CARS microscopy of lipid stores in yeast: the impact of nutritional state and genetic background
Journal article, 2009
We have developed a protocol for sub-micrometer resolved and chemically specific imaging of lipid storage in vivo employing coherent anti-Stokes Raman scattering (CARS) microscopy of one of the most important model organisms Saccharomyces cerevisiae - the yeast cell. By probing the carbon-hydrogen vibration using the nonlinear process of CARS, lipid droplets in the yeast cells clearly appear, as confirmed by comparative studies on relevant labeled organelles using two-photon fluorescence microscopy. From the images, unique quantitative data can be deduced with high three-dimensional resolution, such as the volume, shape, number, and intracellular location of the neutral lipid stores. We exemplify the strength and usability of the method for two cases: the impact on lipid storage of the nutritional condition (starvation and type of carbon source available) as well as of genetic modification of two fundamental metabolic regulation pathways involving carbohydrate and lipid storage (BCY1 and DGA1, LRO1, ARE1/2 deletions), respectively. While the impact of carbon source on the total cellular lipid volume was minimal, long-term starvation induces a significant accumulation of lipid droplets. We also confirm that the lipid-storage-deficient mutant is indeed unable to synthesize lipid droplets, and that the inability of the bcy1-mutant to store carbohydrates is compensated by a two-fold increase in stored neutral lipids. We note that there is a significant cell-to-cell variability in neutral lipid storage in general, i.e. that there is a correspondence to the noise found for gene expression also in lipidomics. Copyright (C) 2009 John Wiley & Sons, Ltd.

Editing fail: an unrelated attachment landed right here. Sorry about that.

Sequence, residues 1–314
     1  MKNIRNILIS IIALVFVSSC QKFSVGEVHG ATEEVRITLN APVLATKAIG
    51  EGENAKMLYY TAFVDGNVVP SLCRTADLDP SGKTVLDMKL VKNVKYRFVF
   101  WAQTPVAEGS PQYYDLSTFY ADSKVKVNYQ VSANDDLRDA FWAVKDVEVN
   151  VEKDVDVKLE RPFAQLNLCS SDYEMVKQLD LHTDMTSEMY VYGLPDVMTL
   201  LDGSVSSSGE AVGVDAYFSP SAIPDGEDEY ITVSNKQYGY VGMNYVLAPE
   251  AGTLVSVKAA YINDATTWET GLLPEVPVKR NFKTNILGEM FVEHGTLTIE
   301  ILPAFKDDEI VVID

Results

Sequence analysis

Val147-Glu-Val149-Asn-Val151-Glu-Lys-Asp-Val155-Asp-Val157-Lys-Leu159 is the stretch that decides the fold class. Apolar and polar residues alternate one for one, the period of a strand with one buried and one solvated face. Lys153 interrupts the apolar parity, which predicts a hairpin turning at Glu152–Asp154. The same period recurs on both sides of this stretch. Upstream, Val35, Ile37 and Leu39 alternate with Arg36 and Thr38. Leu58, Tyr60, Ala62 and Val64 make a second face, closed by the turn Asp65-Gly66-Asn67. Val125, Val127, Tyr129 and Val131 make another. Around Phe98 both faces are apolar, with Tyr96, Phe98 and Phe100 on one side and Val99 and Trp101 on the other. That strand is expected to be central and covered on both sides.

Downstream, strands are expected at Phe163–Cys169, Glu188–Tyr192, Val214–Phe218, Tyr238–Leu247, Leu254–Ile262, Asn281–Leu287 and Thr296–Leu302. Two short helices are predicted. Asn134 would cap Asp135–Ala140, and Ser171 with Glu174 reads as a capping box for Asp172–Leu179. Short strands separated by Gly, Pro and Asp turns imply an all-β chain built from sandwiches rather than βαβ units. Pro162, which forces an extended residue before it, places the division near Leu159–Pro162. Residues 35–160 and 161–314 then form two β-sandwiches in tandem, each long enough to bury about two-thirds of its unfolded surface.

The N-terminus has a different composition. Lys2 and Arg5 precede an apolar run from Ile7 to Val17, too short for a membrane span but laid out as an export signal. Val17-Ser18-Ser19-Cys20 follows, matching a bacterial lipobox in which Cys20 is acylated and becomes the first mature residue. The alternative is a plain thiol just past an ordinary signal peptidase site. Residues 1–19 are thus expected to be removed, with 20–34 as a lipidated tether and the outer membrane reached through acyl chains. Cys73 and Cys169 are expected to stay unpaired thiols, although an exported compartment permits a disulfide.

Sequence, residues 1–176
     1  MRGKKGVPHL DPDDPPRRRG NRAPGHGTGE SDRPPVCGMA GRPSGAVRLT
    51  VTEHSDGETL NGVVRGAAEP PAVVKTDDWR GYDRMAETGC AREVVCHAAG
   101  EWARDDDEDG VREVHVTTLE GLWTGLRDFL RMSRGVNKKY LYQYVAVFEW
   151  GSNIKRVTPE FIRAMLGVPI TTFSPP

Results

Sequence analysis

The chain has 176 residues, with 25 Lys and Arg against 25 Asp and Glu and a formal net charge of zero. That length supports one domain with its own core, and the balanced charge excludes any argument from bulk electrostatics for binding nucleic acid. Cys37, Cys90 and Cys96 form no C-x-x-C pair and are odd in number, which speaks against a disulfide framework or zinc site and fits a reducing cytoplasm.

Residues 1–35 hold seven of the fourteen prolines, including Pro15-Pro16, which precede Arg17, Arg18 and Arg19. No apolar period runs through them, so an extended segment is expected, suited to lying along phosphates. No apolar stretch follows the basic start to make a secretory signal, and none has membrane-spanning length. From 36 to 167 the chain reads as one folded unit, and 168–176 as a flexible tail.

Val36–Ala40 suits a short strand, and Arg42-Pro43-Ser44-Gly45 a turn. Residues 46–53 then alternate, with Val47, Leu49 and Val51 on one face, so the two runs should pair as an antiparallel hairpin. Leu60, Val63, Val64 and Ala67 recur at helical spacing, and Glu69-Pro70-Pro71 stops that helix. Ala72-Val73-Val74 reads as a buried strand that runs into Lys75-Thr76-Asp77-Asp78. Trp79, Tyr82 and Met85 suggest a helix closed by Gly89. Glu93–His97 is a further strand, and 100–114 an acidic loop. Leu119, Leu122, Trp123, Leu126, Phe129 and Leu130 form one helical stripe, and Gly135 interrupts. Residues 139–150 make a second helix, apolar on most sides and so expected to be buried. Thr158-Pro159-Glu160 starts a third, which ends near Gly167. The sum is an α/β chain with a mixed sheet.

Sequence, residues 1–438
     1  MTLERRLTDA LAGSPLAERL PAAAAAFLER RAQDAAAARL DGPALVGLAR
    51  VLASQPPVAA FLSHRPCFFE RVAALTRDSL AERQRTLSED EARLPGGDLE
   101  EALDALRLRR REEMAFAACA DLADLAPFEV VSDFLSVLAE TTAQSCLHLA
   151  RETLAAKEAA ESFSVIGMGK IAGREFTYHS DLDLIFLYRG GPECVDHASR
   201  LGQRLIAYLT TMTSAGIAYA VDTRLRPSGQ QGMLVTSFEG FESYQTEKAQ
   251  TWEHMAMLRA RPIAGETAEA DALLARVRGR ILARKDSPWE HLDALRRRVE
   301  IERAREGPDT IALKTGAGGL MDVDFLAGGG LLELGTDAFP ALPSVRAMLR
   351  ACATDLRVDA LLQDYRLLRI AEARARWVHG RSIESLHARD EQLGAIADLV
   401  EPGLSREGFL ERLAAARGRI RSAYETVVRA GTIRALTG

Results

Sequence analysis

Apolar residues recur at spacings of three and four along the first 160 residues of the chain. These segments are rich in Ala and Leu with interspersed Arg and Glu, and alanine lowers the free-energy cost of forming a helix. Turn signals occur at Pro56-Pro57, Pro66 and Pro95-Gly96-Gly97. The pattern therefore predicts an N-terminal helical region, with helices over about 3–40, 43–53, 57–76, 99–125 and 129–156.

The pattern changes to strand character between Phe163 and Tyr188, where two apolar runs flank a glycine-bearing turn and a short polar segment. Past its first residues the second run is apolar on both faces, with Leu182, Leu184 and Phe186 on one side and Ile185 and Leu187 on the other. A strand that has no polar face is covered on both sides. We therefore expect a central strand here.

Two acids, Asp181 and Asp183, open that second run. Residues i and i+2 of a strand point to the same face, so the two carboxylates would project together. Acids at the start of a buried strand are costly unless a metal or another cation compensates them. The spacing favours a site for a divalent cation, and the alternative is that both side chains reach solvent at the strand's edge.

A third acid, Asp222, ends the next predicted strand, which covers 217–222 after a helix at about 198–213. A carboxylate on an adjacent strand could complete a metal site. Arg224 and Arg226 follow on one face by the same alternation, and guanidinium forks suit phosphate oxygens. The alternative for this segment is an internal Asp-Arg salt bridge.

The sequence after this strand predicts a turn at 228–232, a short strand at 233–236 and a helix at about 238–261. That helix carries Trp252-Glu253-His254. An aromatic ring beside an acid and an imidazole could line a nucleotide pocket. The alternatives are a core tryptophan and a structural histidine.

neutral storage lipids
coherent anti-Stokes Raman scattering